Runnable tracing is an important feature to get deeper insights into the behavior of an application. Runnables can be traced via program flow trace or via instrumentation utilizing data trace. While program flow trace works without instrumentation it produces short trace durations for most setups. Instrumentation based tracing is good compromise as it generates significant longer traces while keeping the instrumentation as minimal as possible.

Instrumented tracing works by utilizing the VFB trace feature of the AUTOSAR RTE. VFB trace enables the user to generate instrumentation hooks for Runnables and other RTE objects of interests. Once you have activated the hooks in your RTE generation tool iTCHi helps to implement the instrumentation and to make winIDEA aware of the Runnable identifier to Runnable name mapping. To use this feature add the following object to your iTCHi configuration file.

{
    "runnable_instrumentation": {
        "isystem_vfb_hooks_c": "",
        "rte_hook_h": "",
        "rte_xdm": "",
        "regex": "(FUNC\\(void, RTE_APPL_CODE\\) Rte_Runnable_(\\w+)_(Start|Return)\\([^\\n]+\\))",
        "trace_variable": "isystem_trace_runnable",
        "template_file": "",
        "instrumentation_type": "data_trace",
        "stm_base_address": "0x0",
        "stm_channel": "0x0",
        "db_push_register": "0x0"
    }
}

The isystem_vfb_hooks_c attribute specifies the location of the instrumentation file that is generated by iTCHi. At the moment VFB tracing is supported for Vector MICROSAR OS and Elektrobit AutoCore OS. For the former point rte_hook_h to the Rte_Hook.h header file. For the latter point rte_xdm to the Rte.xdm file of your tresosStudio project.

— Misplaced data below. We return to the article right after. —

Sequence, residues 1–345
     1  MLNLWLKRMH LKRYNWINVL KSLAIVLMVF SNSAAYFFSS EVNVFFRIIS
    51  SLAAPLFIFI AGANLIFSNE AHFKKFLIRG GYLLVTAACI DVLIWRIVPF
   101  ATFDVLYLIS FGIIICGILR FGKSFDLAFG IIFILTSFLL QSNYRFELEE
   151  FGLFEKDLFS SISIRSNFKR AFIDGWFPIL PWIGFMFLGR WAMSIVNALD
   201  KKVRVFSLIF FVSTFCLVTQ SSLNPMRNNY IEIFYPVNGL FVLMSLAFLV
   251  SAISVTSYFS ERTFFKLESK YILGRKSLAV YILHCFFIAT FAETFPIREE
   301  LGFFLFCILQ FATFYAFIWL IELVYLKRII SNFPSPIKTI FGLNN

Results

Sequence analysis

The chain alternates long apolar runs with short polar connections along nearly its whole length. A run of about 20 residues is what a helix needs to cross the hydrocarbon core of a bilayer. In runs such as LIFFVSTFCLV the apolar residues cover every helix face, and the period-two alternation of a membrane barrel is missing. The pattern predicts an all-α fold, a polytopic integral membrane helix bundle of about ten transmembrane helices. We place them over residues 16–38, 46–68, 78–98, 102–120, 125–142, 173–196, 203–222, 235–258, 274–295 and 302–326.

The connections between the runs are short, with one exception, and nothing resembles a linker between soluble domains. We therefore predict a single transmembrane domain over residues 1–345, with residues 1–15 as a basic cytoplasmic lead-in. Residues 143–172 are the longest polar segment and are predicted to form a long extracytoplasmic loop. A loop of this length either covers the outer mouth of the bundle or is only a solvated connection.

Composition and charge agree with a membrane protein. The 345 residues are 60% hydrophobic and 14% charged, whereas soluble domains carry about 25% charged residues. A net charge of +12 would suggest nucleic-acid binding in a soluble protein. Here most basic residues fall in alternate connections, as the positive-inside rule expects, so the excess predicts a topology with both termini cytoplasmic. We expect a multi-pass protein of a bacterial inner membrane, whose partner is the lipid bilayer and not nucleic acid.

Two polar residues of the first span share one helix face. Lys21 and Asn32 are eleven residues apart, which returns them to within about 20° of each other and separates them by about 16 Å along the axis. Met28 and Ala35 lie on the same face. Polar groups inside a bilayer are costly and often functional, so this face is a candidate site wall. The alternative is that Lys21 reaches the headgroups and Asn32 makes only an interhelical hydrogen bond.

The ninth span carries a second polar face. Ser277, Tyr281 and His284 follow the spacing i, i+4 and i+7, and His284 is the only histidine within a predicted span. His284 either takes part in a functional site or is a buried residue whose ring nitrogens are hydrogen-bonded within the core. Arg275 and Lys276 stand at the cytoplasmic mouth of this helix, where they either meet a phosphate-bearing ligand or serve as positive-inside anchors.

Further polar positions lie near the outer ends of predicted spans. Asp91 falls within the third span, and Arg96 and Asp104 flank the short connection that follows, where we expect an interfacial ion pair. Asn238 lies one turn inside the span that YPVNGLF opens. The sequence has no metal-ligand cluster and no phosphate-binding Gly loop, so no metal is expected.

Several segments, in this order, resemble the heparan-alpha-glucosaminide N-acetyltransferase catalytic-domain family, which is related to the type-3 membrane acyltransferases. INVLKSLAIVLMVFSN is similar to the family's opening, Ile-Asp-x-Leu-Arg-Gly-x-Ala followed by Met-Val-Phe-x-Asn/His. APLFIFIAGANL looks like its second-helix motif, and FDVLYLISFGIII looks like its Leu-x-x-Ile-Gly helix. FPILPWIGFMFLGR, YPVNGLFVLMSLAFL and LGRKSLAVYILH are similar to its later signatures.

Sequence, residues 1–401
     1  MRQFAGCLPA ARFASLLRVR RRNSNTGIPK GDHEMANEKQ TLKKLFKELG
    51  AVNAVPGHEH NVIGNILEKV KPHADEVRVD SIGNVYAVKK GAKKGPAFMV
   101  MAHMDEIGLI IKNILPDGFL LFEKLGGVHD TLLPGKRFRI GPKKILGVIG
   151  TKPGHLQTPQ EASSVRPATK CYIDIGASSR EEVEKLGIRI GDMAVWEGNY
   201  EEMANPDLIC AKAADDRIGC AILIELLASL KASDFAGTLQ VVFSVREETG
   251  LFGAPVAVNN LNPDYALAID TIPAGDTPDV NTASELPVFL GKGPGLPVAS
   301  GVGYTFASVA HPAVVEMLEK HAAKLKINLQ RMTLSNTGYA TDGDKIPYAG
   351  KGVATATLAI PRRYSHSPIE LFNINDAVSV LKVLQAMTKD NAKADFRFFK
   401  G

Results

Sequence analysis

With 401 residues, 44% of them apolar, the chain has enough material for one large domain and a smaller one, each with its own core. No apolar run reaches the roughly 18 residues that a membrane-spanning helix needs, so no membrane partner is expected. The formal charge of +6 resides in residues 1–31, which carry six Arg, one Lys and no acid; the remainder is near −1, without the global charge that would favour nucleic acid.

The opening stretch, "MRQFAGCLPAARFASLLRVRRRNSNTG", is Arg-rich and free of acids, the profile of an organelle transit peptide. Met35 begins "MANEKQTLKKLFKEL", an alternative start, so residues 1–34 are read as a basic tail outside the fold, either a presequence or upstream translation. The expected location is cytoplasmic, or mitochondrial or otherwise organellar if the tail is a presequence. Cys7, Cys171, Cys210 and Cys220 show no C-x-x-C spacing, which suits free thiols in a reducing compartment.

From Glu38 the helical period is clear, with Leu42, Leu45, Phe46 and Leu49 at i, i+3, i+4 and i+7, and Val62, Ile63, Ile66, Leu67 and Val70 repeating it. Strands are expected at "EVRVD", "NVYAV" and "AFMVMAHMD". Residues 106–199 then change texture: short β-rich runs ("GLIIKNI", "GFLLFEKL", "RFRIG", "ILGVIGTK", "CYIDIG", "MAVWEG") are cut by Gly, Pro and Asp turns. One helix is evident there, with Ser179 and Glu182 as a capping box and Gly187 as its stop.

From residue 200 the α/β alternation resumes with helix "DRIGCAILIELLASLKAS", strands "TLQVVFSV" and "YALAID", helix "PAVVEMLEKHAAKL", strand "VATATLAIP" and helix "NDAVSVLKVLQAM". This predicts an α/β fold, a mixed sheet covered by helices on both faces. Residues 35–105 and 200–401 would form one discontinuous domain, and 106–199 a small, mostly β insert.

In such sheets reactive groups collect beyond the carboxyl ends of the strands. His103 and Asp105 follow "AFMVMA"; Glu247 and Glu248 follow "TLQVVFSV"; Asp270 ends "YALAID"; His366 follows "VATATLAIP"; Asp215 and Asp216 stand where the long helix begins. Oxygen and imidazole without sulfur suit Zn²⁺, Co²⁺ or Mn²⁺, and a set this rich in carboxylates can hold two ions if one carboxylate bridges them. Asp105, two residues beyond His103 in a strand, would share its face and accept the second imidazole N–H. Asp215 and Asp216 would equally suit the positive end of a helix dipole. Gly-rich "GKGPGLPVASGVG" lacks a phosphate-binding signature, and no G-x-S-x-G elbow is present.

iTCHi uses the regex to extract Runnable hooks from Rte_Hook.h. If you are unsure, just leave this attribute as it is. For more information see the next section.

Note: iTCHi allows you to provide your own Runnable instrumentation template. To start simply point template_file to a non-existing file. iTCHi will write the default template into that location for you. You can then adapt it to your needs.

iTCHi comes with default instrumentation templates. The template_file attribute allows you to specify a custom template. If you point template_file to a non-existing file iTCHi will write the default template into this file. If you leave the attribute empty or remove it the default template file is used.

Refer to the previous section for an explanation of the instrumentation_type, trace_variable, stm, and db_push_register attributes.

Runnable Instrumentation with Vector MICROSAR OS

DaVinci Configurator writes the active RTE hooks into Rte_Hook.h during the RTE code generation step. iTCHi extracts those hooks from the header file, assigns an identifier and writes them into the Profiler XML and the isystem_vfb_hooks_c file.

The following regular expression (regex) is used to find hooks within the header file. The outer parentheses are simply Python’ss way of allowing multi-line strings. The parentheses inside the string specify matching groups.

regex = ("("
         "FUNC\(void, RTE_APPL_CODE\) "
         "Rte_Runnable_" "(\w+)" "_(Start|Return)" "\([^\\n]+\)"
         ")")

You can overwrite the default regex via the regex attribute within runnable_instrumentation. If you create a default iTCHi file with --write_default_config it will contain the default regex that you can adapt to your needs. Keep in mind that \ and " have to be escaped in the JSON file. Also regular parentheses are used for grouping in Python5. For example, (foo) specifies a group that matches the string foo. If you want to use groups yourself be sure to make them non-capturing with (?:foo), because iTCHi relies on exact the four groups that are part of the default regex.